As to the second prong, assuming the dietary supplement isn’t specifically listed under subpart D, the pertinent question is whether the dietary supplement exhibits toxicity characteristics under subpart C. The EPA has promulgated a table in subpart C setting forth concentration thresholds elements and chemicals such as cadmium, lead, mercury, arsenic, selenium, and chromium. When a product contains a listed element or chemical above the determined threshold, the product is considered to have a toxicity characteristic: cadmium’s threshold is 1.0 parts per million (ppm), lead’s threshold is 5.0 ppm, mercury’s threshold is .2 ppm, arsenic’s threshold is 5.0 ppm, selenium’s threshold is 1.0 ppm, and chromium’s threshold is 5.0 ppm. Accordingly, if you dispose of dietary supplements that may have concentrations exceeding any of these thresholds, those products are classified as hazardous waste pharmaceutical and subject to the new regulations.

Penalties and implementation

Violations of RCRA Subtitle C allow for maximum civil penalty of $74,552 per day, per violation. The sewer ban takes effect Aug. 21, 2019. If you are worried about your disposal practices given the new RCRA rules, it would be prudent to contact environmental legal counsel experienced in this area to ensure you do not run afoul of RCRA. 

Pharmaceutical Waste

Many pharmaceuticals can pollute the environment if not properly managed and disposed of. Most waste pharmaceuticals designate as either Resource Conservation and Recovery Act (RCRA) hazardous waste or Washington state-only dangerous waste.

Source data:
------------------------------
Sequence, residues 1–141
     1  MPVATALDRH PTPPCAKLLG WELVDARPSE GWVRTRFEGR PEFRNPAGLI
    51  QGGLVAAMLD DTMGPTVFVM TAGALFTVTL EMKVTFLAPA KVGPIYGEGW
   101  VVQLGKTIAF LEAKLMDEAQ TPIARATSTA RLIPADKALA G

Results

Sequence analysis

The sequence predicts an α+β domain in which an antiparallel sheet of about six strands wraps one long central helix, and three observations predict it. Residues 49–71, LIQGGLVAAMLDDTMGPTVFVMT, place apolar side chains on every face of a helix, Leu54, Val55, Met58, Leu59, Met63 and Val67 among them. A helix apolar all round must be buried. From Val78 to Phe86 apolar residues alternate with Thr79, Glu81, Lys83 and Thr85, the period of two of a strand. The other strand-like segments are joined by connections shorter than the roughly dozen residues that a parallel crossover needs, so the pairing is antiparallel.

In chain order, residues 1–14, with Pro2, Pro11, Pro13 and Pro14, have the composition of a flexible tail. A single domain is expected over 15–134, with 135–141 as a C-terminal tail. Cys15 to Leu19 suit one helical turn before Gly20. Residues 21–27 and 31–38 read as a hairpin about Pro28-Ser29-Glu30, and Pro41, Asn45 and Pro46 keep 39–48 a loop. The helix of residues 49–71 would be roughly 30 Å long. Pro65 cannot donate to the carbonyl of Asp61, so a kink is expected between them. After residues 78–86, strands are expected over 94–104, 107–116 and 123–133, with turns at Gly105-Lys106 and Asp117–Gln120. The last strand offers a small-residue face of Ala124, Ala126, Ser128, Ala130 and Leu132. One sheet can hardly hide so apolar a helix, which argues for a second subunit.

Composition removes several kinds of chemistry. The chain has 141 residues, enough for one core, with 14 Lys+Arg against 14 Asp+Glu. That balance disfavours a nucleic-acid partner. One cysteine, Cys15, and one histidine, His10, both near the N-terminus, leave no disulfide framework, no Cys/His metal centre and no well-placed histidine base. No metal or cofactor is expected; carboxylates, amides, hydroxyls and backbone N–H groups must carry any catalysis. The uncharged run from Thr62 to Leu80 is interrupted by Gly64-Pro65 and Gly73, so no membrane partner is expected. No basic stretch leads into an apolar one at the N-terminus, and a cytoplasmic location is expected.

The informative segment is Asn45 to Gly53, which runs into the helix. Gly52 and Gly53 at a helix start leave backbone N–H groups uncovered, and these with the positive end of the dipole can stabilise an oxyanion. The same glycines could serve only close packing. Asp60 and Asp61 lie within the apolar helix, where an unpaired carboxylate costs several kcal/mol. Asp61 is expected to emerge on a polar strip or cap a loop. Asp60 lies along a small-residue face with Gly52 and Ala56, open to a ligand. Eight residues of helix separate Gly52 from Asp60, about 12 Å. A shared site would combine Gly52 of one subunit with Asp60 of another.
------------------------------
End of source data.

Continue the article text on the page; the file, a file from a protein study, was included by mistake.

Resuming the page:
For the full list of dangerous waste requirements, refer to the
Rules, Policy, and Guides page for more details. We also have a list of definitions for commonly used terms and answers to your frequently asked questions.

 All healthcare facilities must: 

  1. Send controlled substances and viable pharmaceuticals to a reverse distributor or manufacturer.
  2. Choose a management option below for remaining pharmaceutical wastes.

Option 1

  • Assume all pharmaceutical waste is RCRA hazardous waste.
  • Send everything to a RCRA-permitted facility.

Option 2

  • Determine what pharmaceutical waste is RCRA hazardous waste through designation and send to a RCRA-permitted facility.
  • Assume the remainder is state-only dangerous waste and send to an incinerator under the Conditional Exclusion.

Option 3

  • Determine what pharmaceutical waste is RCRA hazardous waste through designation and send to a RCRA-permitted facility.
  • Designate remainder to determine if it is state-only dangerous waste.


Ecology plans to amend specific sections of the dangerous waste regulations to incorporate new federal hazardous waste rules. These changes will affect pharmaceutical waste.

Adopting new pharmaceutical waste rules will help healthcare facilities and waste management vendors:

  • Better understand the regulations regarding pharmaceutical waste.
  • Manage pharmaceutical waste streams properly.
  • Reduce regulatory burden.

Pharmaceutical Waste: A Healthcare Facility Manager's Guide

Waste pharmaceuticals from hospitals, clinics, and other care facilities may be hazardous waste. Learn what facility managers can do to ensure staff put waste in the proper containers.

Pharmaceutical Waste: A Healthcare Worker's Guide

Waste pharmaceuticals are getting into waterways, wildlife, and, ultimately, people. Learn how healthcare workers can keep pharmaceutical waste out of the environment and dispose of it properly.